Consider these 2017-18 victories when you vote:

The list of successfully passed pro-family legislation over the last two years is a reason for which every family can be proud.

Major changes in how the General Assembly responds to the will and values of everyday Kentuckians has come into play. Simply consider the significant shift on the state level since November 2016 when the House flipped from a 54-46 Democratic Chamber to a 64-36 Republican Chamber and began its work in the 2017 General Assembly: 1) Six significant pro-life bills were passed and signed into law in two years, after no new prolife bills had been allowed on the House Floor for 10 years; 2) Major reform of adoption and foster care was passed and signed into law; and 3) Two significant religious liberty bills were passed and signed into law. Many other pro-family pieces of legislation were also considered and passed into law.

Kentuckians will decide on Nov. 6 if they want to continue along this course or whether they want to go back to a more progressive or more liberal General Assembly. Fortunately, the choice is very clear for all who want to participate in the election. Prior to the 2016 election, Kentucky was moving in one direction. After that election cycle it went an entirely different direction.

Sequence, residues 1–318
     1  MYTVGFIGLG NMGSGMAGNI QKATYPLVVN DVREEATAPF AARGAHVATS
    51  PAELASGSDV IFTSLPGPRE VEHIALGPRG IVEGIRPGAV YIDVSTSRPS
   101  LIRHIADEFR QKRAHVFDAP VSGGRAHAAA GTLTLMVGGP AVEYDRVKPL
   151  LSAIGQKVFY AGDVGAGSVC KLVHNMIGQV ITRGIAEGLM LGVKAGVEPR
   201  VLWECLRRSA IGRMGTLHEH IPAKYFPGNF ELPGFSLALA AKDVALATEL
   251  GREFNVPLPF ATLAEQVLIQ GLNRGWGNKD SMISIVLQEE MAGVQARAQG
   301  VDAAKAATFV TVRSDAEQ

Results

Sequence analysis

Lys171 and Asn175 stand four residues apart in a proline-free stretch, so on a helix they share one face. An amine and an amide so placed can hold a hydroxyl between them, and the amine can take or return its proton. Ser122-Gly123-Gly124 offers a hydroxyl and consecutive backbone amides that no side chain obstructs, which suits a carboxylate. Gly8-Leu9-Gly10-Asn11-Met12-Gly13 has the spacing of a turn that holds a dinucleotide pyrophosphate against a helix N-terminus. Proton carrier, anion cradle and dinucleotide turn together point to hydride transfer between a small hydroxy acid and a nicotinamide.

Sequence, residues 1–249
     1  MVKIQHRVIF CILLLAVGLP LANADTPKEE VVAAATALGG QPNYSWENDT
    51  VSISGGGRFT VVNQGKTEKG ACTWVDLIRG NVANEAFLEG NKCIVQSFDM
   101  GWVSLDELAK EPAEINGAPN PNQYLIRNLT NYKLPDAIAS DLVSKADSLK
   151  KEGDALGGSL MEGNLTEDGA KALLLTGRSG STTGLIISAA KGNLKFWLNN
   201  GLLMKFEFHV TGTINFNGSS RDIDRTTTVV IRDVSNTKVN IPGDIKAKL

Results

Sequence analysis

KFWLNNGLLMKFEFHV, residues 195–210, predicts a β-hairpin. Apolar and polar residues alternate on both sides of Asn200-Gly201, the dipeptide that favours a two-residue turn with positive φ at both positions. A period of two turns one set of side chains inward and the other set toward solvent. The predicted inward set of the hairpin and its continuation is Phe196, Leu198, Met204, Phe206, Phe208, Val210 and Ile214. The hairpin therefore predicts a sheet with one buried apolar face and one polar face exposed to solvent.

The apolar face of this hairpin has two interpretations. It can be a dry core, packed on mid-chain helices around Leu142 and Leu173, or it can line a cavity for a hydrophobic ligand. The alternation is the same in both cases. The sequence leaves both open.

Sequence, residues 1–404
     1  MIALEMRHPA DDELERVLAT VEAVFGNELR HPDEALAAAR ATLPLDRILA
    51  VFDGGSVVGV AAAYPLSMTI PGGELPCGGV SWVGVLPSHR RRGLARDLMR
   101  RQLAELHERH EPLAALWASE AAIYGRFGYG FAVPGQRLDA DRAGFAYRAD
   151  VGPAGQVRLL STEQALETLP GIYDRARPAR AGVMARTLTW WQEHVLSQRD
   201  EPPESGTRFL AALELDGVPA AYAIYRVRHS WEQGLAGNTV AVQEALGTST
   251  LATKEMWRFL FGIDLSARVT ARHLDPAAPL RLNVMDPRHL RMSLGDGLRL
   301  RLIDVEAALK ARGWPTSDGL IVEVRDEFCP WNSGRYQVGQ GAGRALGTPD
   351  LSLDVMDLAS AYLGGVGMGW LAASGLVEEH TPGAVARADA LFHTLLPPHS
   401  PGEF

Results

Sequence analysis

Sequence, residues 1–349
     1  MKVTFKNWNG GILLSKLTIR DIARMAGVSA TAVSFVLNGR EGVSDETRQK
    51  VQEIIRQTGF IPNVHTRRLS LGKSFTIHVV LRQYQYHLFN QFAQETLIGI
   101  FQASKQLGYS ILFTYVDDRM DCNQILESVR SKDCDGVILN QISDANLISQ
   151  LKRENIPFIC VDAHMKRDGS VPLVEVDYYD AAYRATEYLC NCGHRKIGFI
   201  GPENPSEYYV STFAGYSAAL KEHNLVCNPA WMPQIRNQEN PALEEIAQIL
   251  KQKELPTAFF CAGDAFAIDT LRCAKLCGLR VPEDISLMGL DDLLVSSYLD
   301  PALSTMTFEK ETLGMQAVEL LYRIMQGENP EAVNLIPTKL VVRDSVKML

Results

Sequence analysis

Do your best to determine which direction you want Kentucky to go and then get out and vote! And encourage others to do the same.

Though the 2016 election was “revolutionary” in the change that took place for Kentucky and for the nation, the 2018 election is equally important because it will determine whether the state and nation stay this new course or turn back.

The two-year record is replete with pro-family, pro-life and religious liberty steps forward after years of only “crumbs.”

Here are a few of the Pro-Family Victories in 2017:

Senate Bill 5 – 20-Week Abortion Ban (Pain Capable Ban):

SB5 prohibits an abortion on a woman who is 20-weeks or more into her pregnancy because medical assessments indicate that an unborn child feels pain by 20- weeks gestation. Passed Senate 30-6 and House 79-15.

Senate Bill 8 – Defunding Planned Parenthood (PP):

SB8 set up a tiered funding approach so that federal and regional health care clinics for women would receive Title X monies first – before PP. With this bill, PP would likely receive little or no funding. Passed Senate 31-6 and House 75-13.

Senate Bill 17 – Student Free Speech & Religious Liberty Act: